The GIS Data Sharing Coordination Program was designed to overcome barriers to GIS information sharing and provide a wide array of benefits to participants, as follows:
Catalog of existing data sets:
It is becoming increasingly easy for government agencies, citizens and commercial entities to determine what GIS data sets are available and who is the primary custodian by visiting the Metadata Repository on the GIS Clearinghouse. The Coordinating Body has set goals for 1999 to develop and post metadata for 50% of all state agencies and 25% of all local governments. The GIS Clearinghouse allows easy searching for data sets of interest, thereby minimizing missed opportunities to use existing data sets.
Clarity about data ownership
Each data set has a designated Primary Custodian, the agency which originated the data and remains responsible for its quality.
Improved data quality
As use of Cooperative members’data sets increases, users are passing updates, corrections, and revisions back to the Primary Custodians. The result is increasing data quality. All cooperative members, as well as the public and private sector users of the data, benefit from these improvements in data quality.
Standards and consistent practices
The use of a standardized data sharing agreement makes the rules for sharing within the Cooperative consistent. All members of the Cooperative agree to comply over time with standards for metadata, data exchange formats, and other characteristics.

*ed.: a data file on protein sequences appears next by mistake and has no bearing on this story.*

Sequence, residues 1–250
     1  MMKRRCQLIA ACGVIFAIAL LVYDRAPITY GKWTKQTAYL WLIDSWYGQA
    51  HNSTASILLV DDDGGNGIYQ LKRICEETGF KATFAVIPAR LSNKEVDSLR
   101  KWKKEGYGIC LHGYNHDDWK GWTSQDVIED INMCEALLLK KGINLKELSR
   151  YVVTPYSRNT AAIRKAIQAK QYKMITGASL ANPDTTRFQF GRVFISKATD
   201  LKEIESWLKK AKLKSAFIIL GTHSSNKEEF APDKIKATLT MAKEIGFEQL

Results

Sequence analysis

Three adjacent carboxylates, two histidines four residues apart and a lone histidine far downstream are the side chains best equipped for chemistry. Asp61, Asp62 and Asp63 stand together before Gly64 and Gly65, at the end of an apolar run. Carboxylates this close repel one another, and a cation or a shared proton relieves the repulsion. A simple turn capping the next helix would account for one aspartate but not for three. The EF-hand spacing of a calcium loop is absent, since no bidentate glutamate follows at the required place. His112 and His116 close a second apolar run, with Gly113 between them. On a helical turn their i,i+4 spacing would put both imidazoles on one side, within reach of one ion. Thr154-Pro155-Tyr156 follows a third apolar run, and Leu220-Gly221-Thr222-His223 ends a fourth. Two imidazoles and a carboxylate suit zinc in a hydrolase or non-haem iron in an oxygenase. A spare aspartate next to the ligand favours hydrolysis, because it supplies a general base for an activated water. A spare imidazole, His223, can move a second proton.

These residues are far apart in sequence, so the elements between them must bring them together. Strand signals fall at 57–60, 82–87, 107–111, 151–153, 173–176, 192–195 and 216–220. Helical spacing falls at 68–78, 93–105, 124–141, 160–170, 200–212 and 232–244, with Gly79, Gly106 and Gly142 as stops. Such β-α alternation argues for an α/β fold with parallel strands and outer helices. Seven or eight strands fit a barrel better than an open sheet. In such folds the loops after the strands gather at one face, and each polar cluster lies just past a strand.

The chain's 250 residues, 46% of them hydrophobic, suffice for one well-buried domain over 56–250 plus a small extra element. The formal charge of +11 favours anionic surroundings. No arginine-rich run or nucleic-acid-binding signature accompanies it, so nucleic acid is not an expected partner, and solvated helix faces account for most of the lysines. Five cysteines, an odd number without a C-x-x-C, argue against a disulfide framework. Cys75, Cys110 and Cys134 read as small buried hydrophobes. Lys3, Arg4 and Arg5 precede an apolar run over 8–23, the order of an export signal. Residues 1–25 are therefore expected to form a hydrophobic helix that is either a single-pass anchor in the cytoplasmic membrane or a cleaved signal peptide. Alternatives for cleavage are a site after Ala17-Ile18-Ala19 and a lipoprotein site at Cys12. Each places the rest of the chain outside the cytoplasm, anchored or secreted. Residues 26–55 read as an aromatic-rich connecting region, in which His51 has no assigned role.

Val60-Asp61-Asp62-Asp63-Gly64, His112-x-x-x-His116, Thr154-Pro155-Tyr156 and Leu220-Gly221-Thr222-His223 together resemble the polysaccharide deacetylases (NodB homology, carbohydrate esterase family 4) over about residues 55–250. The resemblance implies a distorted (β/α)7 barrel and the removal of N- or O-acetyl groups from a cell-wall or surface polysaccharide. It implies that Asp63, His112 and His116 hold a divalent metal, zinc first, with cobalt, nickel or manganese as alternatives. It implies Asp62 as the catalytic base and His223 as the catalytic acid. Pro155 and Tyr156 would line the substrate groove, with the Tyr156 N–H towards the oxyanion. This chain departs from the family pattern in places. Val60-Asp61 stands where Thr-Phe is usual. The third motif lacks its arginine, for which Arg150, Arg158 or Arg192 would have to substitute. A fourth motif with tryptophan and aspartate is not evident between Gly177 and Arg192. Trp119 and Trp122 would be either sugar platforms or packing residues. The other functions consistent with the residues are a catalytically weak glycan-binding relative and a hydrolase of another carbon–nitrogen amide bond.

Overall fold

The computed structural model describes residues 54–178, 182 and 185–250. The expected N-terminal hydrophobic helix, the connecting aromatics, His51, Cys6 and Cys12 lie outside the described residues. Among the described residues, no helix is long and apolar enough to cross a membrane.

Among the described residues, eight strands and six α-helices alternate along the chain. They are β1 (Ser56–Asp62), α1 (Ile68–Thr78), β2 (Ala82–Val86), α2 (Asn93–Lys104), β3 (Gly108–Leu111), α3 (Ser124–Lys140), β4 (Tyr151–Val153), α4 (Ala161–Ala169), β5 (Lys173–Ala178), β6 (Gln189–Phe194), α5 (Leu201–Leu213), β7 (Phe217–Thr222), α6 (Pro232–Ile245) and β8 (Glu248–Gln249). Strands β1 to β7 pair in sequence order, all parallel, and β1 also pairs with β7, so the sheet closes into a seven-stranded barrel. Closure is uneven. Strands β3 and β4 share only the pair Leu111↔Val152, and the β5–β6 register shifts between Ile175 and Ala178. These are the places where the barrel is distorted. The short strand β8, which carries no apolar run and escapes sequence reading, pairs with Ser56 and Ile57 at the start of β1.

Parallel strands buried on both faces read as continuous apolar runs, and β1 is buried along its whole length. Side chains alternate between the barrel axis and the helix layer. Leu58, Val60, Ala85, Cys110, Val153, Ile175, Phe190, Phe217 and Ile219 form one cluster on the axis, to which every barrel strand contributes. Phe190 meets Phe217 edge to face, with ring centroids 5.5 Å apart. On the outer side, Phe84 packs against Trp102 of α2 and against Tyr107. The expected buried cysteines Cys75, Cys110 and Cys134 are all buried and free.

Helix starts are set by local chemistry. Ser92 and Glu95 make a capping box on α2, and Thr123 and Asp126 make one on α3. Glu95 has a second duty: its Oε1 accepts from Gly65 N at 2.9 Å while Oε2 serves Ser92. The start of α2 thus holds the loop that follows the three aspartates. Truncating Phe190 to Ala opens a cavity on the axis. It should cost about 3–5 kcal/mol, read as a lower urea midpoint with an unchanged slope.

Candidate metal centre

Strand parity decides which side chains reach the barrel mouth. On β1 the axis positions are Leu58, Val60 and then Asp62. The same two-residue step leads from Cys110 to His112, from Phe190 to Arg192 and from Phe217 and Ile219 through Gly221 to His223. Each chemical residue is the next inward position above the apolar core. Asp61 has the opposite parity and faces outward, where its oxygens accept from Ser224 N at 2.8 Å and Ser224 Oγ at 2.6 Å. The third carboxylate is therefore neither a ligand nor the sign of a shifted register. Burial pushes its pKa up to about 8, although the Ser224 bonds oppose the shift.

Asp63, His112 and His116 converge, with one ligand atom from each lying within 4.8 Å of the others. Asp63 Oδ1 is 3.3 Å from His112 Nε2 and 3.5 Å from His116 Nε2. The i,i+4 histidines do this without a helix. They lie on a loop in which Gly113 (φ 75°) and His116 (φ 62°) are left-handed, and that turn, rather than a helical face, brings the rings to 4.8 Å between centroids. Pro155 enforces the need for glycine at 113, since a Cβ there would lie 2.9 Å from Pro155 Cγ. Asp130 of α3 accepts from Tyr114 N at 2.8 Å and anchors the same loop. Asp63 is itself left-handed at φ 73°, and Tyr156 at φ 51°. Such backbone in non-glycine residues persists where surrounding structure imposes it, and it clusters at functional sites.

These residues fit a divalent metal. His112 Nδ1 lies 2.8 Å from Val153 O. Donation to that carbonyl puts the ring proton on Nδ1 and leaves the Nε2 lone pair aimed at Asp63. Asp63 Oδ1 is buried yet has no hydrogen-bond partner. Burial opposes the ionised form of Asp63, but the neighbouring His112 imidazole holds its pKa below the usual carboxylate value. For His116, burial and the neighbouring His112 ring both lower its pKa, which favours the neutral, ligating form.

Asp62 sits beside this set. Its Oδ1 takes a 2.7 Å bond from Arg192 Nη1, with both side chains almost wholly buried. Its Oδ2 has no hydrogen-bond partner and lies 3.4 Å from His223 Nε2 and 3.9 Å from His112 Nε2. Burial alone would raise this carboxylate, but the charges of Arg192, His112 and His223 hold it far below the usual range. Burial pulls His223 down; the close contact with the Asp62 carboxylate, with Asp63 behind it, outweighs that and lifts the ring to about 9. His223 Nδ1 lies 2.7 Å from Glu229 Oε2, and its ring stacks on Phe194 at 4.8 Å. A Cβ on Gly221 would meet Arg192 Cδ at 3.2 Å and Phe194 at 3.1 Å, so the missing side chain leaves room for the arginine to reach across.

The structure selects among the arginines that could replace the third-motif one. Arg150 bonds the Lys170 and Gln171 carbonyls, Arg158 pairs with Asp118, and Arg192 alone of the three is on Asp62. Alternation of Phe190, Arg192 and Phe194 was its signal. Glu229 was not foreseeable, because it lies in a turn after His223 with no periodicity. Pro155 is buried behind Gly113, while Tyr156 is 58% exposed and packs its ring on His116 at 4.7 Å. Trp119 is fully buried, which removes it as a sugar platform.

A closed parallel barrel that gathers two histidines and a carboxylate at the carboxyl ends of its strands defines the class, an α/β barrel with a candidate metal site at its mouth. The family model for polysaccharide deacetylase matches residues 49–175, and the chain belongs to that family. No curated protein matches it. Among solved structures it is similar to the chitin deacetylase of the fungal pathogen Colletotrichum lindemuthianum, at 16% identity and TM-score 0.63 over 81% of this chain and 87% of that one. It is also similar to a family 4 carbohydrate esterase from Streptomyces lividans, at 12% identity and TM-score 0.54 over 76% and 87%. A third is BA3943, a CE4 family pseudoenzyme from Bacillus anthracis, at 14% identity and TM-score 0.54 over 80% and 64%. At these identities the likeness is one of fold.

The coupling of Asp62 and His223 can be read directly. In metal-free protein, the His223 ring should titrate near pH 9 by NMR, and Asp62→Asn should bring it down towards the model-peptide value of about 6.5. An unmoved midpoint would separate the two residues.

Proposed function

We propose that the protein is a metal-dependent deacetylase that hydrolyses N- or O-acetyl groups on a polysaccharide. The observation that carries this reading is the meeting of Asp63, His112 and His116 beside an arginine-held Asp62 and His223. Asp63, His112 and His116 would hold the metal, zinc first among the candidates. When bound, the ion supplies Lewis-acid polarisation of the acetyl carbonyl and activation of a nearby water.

Cooperative members have access to all other members’data sets at no cost. Therefore, duplication of effort and investment in creating data sets already available from other agencies are minimized.
The Coordination Program and the Clearinghouse encourage members of the GIS community to share information about their projects, education programs, conferences, and experiences. The Work Groups and Committees provide a venue for long-lasting professional relationships built around common interests and mutual goals.
The emergence of the NYS GIS Coordination Program has made it possible for New York to participate actively in national efforts to create and promote a national spatial data infrastructure. It has allowed New York to apply for and receive federal funds to enhance the program and created opportunities to work with and learn from other states on issues of mutual concern.
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